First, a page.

I couldn’t agree more with these healthy sleep sentiments. Check out my Page – How important is a good night’s sleep for more details.
Mark Zielinski knew he was onto something when his mice stopped sleeping. Normally, the animals woke and slept on a 12-hour cycle. When the lights were on in the lab, the mice were active. When it went dark on a timer, down they went. But Zielinski, who teaches psychiatry at Harvard Medical School, had recently […]
via The Sleep Cure: The Fountain of Youth May Be Closer Than You Ever Thought — Our Better Health
An apple a day keeps the doctor away – I always liked that one. While apples boast many health benefits, they do not, sadly, bulletproof us against all diseases.
“Everything our parents said was good is bad,” complains Alvy Singer, the character played by Woody Allen in “Annie Hall,” his 1977 Oscar-winning romantic comedy.
That’s a bit of an exaggeration, but when it comes to what certain foods can do to or for you, it’s probably best to take motherly advice, familiar sayings and other bits of conventional wisdom with a grain of salt.
“There’s some validity to some of them, but many of them are just old wives’ tales or myths that have trickled down over the years,” said Annette Frain, a registered dietitian at Wake Forest Baptist Medical Center in Winston-Salem, North Carolina. Continue reading
If, like many folks, you overindulged during the recent holidays, perhaps this item I wrote back when the blog was still in diapers might be of help.
Besides, I think the brain is amazing and we can’t know too much about it.
One Regular Guy Writing about Food, Exercise and Living Past 100
Regular readers know that I am retired and have been taking courses from The Great Courses for some time. Lately, I have become fascinated with the brain and how it functions.
The latest class I am studying is “The Neuroscience of Everyday Life” taught by Sam Wang, Ph.D, Associate Professor of Molecular Biology and Neuroscience at Princeton University. Additionally, Professor Wang is the co-author of the best-selling book Welcome to Your Brain which has been translated into 20 languages.
Here is the best-selling book Professor Wang co-wrote
I have only just begun reading the book, but I ran across a passage on page 36 that I thought would interest and benefit readers of the blog. The following is from a two-page write-up titled Tricking Your Brain Into Helping You Lose Weight.
This is the conclusion of those two pages:
“Early food exposure influences dietary preferences in adulthood, and eating habits…
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I took a course in The brain six years ago and was so inspired by what I learned that I posted on it. Thought you newer readers might get something out of it.
One Regular Guy Writing about Food, Exercise and Living Past 100
Exercise and intelligent eating are the keys to weight control and healthy living. Everyone knows that 30 minutes on the treadmill burns X amount of calories depending on your weight. The role of exercise in healthy living and weight control is straight forward and doesn’t need explaining. The exercise of the brain in weight control is another matter.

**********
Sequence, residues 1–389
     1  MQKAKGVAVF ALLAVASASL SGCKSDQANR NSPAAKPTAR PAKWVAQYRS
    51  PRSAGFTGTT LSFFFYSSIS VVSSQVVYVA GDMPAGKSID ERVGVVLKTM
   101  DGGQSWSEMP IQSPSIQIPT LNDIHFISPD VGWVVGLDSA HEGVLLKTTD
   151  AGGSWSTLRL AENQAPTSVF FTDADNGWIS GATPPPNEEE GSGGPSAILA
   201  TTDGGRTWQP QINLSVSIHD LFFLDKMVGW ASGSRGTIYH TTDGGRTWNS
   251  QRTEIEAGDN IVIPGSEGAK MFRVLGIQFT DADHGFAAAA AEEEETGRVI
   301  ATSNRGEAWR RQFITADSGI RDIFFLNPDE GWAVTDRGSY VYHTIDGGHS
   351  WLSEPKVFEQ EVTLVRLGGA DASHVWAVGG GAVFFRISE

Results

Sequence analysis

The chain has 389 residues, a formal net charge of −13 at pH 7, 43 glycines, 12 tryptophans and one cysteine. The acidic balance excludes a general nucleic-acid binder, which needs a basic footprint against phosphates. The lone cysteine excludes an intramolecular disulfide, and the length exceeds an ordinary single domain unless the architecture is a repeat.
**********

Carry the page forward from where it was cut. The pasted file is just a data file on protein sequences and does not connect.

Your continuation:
In order to understand it, you need to know a few basic facts about parts of your brain and how they function. If you are willing to wade through a couple of basic biology facts, I think you will emerge at the other end with a new tool in the universal ongoing battle of the bulge.
For this subject we need to focus on just two parts of the brain and how they work, together and separately.
The first is the amygdala. This is the part of the brain that is central…
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I write about exercise almost daily and about the brain nearly as often, but I think they really need to be tied together for the best understanding. Also, because we all want to live past 100, we certainly want the old cabeza to fully functional.
WebMD has a nice 12 part slide show called Tips to stay smart, sharp and focused. If you want to experience the entire show, just click the link above. I am have picked out a few examples for the folks too
lazy busy to do the whole thing right now.
Number one is superb: USE YOUR BRAIN “It’s true: Use it or lose it. Stretching your brain keeps your mind sharp. People who are more active in mentally challenging activities are more likely to stay sharp. Try these:
• Read a book.
• Go to a lecture.
• Listen to the radio.
• Play a game.
• Visit a museum.
• Learn a second language.”
Regular readers know that because I have lost three family members to Alzheimer’s and dementia I have a serious interest in keeping myself safe. And, by extension, you. This isn’t just for seniors.
Rush Medical Center has some very useful suggestions on the subject.
Do you have the power to prevent Alzheimer’s disease? Although some risk factors — age and family history — are beyond your control, increasing evidence from research indicates that you aren’t helpless.
Researchers from the Rush Alzheimer’s Disease Center and around the world have found that certain lifestyle choices can protect your brain against the onset of Alzheimer’s disease.
Incorporate the following activities into your life, and your brain could reap the benefits Continue reading
I write often about the benefits the brain gets from exercise and how we should make regular exercise a priority as much for our mental health as physical. That is a good positive target.
It turns out that WebMD also has some excellent suggestions for keeping our brains clicking on all cylinders, but they approach from the negative side. Not doing harmful things is also an important consideration in getting to old age with a fully functional brain.